Budget 2015 is one of the most counter-intuitive of the seven that Bill English has delivered as Finance Minister.
A centre-right Government that is regularly accused of looking after the big end of town has delivered a Budget that takes from the rich and gives to the poor.
The contrast is most stark in the three big surprises in the Budget and in the underlying result - a significant deficit this year and a small surplus next year, when two surpluses had been promised.
To make sure it can forecast that small surplus in 2015/16, the Government decided to stop giving one of the suite of middle-class welfare payments initiated in the mid-2000s (interest-free student loans, KiwiSaver and Working for Families).
The move to drop the $1,000 kick-start payment for KiwiSaver will save $175 million in 2015/16.
Without that, the Budget would have been in surplus by $1m in that year. To use John Key's analogy, that would be like trying to land a 747 on a speck of bacteria on the head of a pin.
Then there's the new customs levy of $6 for departures and $16 for arrivals. Almost half of arrivals and departures in the year to April were New Zealanders travelling for holidays, on business and for family reasons. They are self-selecting as wealthier and are essentially paying a new tax, raising $100m a year.
Without this, the budget would definitely have been in deficit for two years longer than National promised.
Yet the Government was still willing to spend $200m a year from 2016/17, increasing the incomes of poor families earning less than $36,500, by giving them up to $25 extra a week through the benefit system and Working for Families.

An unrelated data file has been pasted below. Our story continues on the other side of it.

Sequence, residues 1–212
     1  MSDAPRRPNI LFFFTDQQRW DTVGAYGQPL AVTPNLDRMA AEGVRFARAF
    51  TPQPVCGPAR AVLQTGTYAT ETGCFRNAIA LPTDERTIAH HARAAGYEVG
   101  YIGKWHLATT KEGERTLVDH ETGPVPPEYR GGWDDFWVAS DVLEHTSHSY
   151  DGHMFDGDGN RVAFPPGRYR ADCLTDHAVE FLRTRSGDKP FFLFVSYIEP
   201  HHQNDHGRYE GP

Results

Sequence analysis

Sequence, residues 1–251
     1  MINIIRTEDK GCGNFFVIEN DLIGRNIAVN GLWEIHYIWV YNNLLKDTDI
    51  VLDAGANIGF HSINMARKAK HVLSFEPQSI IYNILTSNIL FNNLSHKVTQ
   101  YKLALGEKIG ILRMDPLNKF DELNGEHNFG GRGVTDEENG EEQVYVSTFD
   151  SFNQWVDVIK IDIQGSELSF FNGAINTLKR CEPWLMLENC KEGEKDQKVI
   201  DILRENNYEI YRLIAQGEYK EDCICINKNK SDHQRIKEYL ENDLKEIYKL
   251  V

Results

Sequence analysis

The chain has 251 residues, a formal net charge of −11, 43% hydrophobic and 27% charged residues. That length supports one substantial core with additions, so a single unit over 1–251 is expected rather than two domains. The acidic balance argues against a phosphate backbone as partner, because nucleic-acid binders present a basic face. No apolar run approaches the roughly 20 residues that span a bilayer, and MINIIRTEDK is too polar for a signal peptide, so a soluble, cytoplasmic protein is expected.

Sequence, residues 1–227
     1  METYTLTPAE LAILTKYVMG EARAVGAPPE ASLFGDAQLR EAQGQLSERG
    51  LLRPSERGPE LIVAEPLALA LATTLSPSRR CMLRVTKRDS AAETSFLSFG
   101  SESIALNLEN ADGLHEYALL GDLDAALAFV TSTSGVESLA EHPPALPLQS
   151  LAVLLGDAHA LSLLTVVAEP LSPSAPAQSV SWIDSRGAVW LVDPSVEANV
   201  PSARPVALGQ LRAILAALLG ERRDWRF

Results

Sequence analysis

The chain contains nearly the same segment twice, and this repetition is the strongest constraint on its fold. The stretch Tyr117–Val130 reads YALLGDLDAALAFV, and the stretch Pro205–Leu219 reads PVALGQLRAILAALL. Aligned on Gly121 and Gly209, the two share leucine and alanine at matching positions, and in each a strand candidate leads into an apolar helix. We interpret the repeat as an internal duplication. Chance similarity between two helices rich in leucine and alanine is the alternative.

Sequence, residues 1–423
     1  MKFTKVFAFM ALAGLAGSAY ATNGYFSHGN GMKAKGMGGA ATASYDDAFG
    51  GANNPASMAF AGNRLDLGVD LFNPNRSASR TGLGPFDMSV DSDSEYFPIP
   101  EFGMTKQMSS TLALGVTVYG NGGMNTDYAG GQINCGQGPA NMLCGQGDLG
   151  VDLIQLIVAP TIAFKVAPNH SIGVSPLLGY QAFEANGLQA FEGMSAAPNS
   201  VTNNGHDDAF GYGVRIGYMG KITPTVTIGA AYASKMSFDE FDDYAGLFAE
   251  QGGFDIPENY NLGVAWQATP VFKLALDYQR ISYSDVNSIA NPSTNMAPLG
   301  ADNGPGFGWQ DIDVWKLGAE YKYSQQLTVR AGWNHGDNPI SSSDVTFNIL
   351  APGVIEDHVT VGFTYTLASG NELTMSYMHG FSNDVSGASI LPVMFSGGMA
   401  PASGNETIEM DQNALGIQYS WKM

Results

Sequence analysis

This really was taking from the rich and giving to the poor, instead of running surpluses. Why?
English is the driving force behind the Government's investment-led approach to trying to reduce the long-term costs of poverty and is building a powerful argument to convince centre-right voters.
He argues spending money now to educate, stabilise and reorientate a single mum or a young unemployed person could save money later on.
On Budget Day, he used the example of the 600 new children a year who come to the attention of the Child Youth and Family Service and who have been supported by benefits for 40 months and have had one parent in contact with Corrections.
By the age of 21, at least 40 per cent of this group would have been on a benefit long-term and by 35 a quarter would have had a stint in prison.
The Government's actuaries say the average cost of each of those children is $320,000. Some will cost more than $1m.
Any attempt to invest in mentors or better housing or add more income could save taxpayers over the long run.
It's what Robin Hood would have said if his band of merry men had been actuaries.
English and his own Little John have only scratched the surface. The Finance Minister acknowledged the gap in incomes between those at the bottom and the average was as wide as he wanted it to become.
More investment is needed and the long-term pay-off could be substantial.
All that's needed is for Robin Hood and Little John to push on with more of the investment-led approach.
It would seem counter-intuitive but perfectly rational, if Budget 2015 is anything to go by.